by Jennifer O'Brien

University of Canberra teams with Samsung in ‘novel’ STEM study

Jun 22, 2017
Technology Industry

Technology-enabled teaching methods can improve students’ mathematics skills over a three-week period, equivalent to the level typically achieved in one year.

That’s one of the “astonishing” findings of the joint research project undertaken by the University of Canberra’s (UC) STEM Education Research Centre (SERC) and Samsung Electronics Australia, according to UC centenary professor and director of SERC, Thomas Lowrie, who spearheaded the project.

“What astonished us was that the children’s mathematics performance went up more than 20 per cent over a six hour program. . . Some people would say that is like a year of schooling,” Lowrie told CIO Australia.

UC and Samsung recently teamed up for a three-week STEM study program that examined primary and secondary students. But Lowrie, for his part, has been leading ‘spatial reasoning’ research programs – including a ten-week study – for several years.

“What we have found in the last two years is that if we improve the children’s spatial reasoning skills, even without teaching them mathematics, their mathematics goes up.

“We have been working with classroom teachers, with the programs we’ve developed, and we’ve had incredibly strong performance increases with the children’s mathematics, even when mathematics is not being taught over that intervention period.”

Discussing the latest three-week program, Lowrie urged industry players to take note of the “novel” findings, which will help unlock new opportunities for Australia’s burgeoning STEM skill problem.

“One of the really important things to consider is the extent to which we have to stop worrying about STEM in the separated discipline areas. We shouldn’t be just thinking about science or technology or engineering or mathematics as disciplines on their own.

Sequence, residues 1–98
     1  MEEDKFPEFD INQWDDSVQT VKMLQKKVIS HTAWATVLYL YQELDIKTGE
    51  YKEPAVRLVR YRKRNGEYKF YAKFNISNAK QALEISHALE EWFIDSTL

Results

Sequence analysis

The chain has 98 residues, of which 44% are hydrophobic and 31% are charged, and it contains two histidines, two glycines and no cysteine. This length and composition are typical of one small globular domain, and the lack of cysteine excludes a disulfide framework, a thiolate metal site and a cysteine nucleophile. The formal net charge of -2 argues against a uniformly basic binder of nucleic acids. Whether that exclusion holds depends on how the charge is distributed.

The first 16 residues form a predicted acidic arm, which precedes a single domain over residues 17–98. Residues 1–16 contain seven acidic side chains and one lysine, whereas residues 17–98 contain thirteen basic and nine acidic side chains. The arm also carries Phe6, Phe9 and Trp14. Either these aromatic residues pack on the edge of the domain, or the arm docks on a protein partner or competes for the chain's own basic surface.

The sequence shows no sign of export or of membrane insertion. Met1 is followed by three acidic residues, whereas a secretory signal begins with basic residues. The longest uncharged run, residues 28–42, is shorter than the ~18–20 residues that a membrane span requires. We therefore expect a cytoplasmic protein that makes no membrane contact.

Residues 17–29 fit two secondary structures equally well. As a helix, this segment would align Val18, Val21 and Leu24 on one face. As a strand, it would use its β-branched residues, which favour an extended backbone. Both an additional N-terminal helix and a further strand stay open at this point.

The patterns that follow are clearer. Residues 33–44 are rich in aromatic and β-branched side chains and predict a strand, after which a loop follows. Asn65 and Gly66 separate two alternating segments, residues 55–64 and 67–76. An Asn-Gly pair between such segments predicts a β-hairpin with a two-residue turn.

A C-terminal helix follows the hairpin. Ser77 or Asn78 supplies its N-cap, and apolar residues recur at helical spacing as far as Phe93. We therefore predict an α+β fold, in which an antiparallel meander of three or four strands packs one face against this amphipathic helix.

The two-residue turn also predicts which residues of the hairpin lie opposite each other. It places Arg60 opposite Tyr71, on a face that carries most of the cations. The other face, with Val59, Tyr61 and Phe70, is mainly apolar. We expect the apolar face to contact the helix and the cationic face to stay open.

“Into the future, people will need to be multitasking and will need to have flexible ways of thinking where a whole range of those skills could be used simultaneously, or in fact, with a particular emphasis at different times. The problems are going to become more wicked and challenging, and people need to be able to move from one job, even within the same company, within a five-year period because of the rate of change that tends to happen today,” he said.

“We are very strongly advocating for not worrying about the disciple content, as much as worrying about the actual practices that take place in STEM.”

With that in mind, he said the latest research investigated ‘practical methods’ for increasing mathematics education results in primary students and the development of student-led STEM inquiry projects at high school.

“These spatial skills are really important for STEM learning. In fact, the greatest predictor of a person going into a STEM profession once they leave school is how good their spatial reasoning skills are. The higher their spatial reasoning skills, the more likely they will go into a STEM profession,” he said.

“There is a quiet, strong commitment from governments all over the world, including Australia, to ensure that more people are going into these professions given the changes in our work. And, in fact, one of the biggest pushes is to encourage more girls into STEM,” he said, explaining girls tend to have lower spatial reasoning skills than boys. One of our passions, with many of our projects, is to improve spatial reasoning skills to set them up better for the future.”